Similar to the tricep, a tape measure can also be used on the bicep to see if the biceps are of a symmetrical size. Taking a picture while flexing both arms and comparing the proportions of each arm would also be a good idea here – if, visually, there is clearly a difference in size or shape between the two arms, this would mean that they are asymmetrical.
But, the easiest way to determine if a person has bad arm genetics is to use a classic bodybuilding proportion chart, which is a bit different than determining bad chest genetics, bad shoulder genetics, or bad ab genetics. This gives a good idea of where people’s arms fall in terms of size relative to the rest of their bodies. Meaning, if they are this small, then a person might have bodybuilding genetics.
There are a wide variety of proportion charts that exist, but the most popular one is the Reeves proportion chart. This chart was created by Steve Reeves, a bodybuilding legend from the 1940s and 1950s.
He is revered for having nearly perfect, if not perfect, proportions, with his muscular aesthetic being regarded as a benchmark to aim for when it comes to symmetry; for someone trying to mimic his physique, learning how to lose weight without trying and how to stop eating junk food and sugar is important.
Take a look at this picture of him. He achieved many ideals through his physique – the classic V-taper, where the shoulders are somewhere around 1.5 times wider than the waist, symmetrical arms and forearms, and proportional legs.
To determine where a person falls on the Reeves proportion chart, take a peek at the standards below:
- Arm size = 252% of wrist size
- Calf size = 192% of ankle size
- Neck size = 79% of head size
- Chest size = 148% of pelvis size
- Waist size = 86% of pelvis size
- Thigh size = 175% of knee size
So, for example, to calculate what a person’s chest size should be, they need to first measure their pelvis. After doing so, multiplying that number by 1.48 will result in how large their chest should be.
The unique idea about the Reeves proportion chart is that it is solely based on bone size; all of the variables that are being multiplied by the size of bones. Wrist size, ankle size, head size, pelvis size, and knee size – these are genetic things that cannot be changed (but bone density and strength over time are positively impacted by vigorous exercise).3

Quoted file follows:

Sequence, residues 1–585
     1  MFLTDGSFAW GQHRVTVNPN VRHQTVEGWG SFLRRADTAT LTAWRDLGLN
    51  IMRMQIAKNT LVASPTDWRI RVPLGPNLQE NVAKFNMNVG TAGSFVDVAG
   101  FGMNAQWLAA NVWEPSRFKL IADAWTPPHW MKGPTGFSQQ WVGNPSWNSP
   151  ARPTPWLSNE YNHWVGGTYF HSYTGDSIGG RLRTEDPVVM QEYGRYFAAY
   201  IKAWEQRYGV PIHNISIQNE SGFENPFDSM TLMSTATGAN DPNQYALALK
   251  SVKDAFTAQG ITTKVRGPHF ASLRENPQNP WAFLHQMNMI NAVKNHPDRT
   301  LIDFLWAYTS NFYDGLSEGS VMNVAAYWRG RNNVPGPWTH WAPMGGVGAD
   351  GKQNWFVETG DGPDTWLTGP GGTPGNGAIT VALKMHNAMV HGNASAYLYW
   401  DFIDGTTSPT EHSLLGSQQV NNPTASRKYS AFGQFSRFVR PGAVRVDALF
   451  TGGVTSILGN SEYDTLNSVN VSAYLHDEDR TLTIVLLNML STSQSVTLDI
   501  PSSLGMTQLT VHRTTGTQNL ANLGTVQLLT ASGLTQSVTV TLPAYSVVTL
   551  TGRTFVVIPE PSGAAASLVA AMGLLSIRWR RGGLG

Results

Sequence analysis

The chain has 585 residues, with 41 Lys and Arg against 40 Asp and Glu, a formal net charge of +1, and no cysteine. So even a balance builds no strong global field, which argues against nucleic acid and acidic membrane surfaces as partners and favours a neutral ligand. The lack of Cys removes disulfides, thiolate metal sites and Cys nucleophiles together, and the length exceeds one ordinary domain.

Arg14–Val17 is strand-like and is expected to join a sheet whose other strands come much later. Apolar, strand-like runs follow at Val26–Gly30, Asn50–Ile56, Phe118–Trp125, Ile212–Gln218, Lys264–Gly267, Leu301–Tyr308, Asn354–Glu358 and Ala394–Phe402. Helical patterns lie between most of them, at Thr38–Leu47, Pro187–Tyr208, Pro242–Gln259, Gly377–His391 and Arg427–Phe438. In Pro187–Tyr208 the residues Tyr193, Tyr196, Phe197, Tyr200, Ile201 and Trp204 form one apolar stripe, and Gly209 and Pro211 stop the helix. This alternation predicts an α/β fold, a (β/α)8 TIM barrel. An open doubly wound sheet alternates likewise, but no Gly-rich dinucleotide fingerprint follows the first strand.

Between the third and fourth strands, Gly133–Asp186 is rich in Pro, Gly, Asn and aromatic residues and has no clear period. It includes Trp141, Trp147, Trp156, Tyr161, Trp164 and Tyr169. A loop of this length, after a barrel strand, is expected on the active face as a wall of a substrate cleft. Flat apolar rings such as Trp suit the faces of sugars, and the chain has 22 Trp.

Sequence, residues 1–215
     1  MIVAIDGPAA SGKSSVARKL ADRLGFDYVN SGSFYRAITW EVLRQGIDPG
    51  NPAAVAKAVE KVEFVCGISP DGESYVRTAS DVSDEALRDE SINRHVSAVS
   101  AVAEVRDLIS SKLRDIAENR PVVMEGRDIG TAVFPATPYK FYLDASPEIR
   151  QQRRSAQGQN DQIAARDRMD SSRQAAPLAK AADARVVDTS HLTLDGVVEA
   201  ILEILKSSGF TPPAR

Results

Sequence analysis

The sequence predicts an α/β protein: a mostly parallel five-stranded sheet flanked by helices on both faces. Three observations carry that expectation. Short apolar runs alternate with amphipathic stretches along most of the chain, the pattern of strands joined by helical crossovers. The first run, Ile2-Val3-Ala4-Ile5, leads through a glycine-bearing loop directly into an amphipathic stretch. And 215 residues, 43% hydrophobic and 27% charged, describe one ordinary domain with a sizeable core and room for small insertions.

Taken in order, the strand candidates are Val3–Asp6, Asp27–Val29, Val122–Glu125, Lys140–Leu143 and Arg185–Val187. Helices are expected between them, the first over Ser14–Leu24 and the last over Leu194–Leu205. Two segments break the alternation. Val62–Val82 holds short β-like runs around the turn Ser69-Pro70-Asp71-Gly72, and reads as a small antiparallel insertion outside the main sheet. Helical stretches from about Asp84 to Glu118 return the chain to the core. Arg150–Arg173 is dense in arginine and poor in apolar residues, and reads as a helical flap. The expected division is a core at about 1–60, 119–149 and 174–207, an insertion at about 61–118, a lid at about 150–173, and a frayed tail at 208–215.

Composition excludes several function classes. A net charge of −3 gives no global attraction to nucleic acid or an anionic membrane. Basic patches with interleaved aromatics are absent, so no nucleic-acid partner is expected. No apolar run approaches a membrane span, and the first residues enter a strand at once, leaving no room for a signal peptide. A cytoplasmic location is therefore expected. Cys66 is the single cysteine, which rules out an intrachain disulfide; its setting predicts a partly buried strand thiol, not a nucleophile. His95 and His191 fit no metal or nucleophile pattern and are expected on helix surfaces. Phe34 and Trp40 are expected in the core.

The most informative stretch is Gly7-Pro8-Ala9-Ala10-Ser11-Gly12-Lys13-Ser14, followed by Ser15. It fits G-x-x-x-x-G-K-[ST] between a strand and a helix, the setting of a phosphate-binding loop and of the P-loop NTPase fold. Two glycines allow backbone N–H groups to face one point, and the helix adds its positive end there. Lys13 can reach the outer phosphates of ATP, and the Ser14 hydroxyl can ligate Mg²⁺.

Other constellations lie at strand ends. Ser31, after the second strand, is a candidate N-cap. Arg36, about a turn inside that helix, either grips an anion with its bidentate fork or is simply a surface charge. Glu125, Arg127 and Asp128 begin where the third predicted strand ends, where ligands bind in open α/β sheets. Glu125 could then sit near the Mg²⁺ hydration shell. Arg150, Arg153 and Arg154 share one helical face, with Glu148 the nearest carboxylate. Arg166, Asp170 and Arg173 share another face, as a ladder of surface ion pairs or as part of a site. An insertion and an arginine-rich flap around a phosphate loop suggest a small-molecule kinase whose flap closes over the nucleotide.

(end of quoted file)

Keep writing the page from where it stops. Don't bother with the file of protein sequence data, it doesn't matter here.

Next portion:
This allows the chart to be more standardizable than others, and intuitively, it makes sense why this may make an aesthetically pleasing physique; if Steve Reeves, one who many consider highly aesthetic, was around these numbers, it would be assumed that someone who shares similar proportional aesthetics to him would also look good.
Reeves also recommended a standardized weight based on height:
- 5’5″ 160lbs
- 5’6″ 165lbs
- 5’7″ 170lbs
- 5’8″ 175lbs
- 5’9″ 180lbs
- 5’10” 185lbs
- 5’11” 190lbs
- 6’0″ 200lbs
- 6’1″ 210lbs
- 6’2″ 220lbs
- 6’3″ 230lbs
- 6’4″ 240lbs
- 6’5″ 250lbs
For example, if a person is 6 feet tall and weighs 210 pounds, they would fall into the “ideal” range for both height and weight. However, if they are 6 feet tall and weigh 230 pounds, they would be considered overweight according to the Reeves proportion chart.
There are other proportion charts out there, but the Reeves chart is the most widely used and recognized, so it’s a good starting point to determine if a person has bad arm genetics or not.
Bad Bicep Genetics vs Good Bicep Genetics With Pictures & Descriptions
Just like any other muscle group, the biceps can vary widely in terms of size and shape. Some people are blessed with good bicep genetics that allows them to build big, strong arms, while others have bad bicep genetics that makes it difficult to add size and strength.
There are a few key factors that contribute to good or bad bicep genetics. These include:
- Muscle insertions
- Bone structure
- Body proportions
Let’s take a closer look at each of these factors and how they can impact a person’s ability to build bigger biceps.
Bad: High Bicep Insertions
One of the most common characteristics of bad bicep genetics is high bicep insertions. This means that the biceps attach higher up on the shoulder than average, which can make it difficult to add size and strength.
Those with high bicep insertions will have a smaller range of motion and won’t be able to lift as much weight as those with low bicep insertions. This is because the leverage is not in their favor.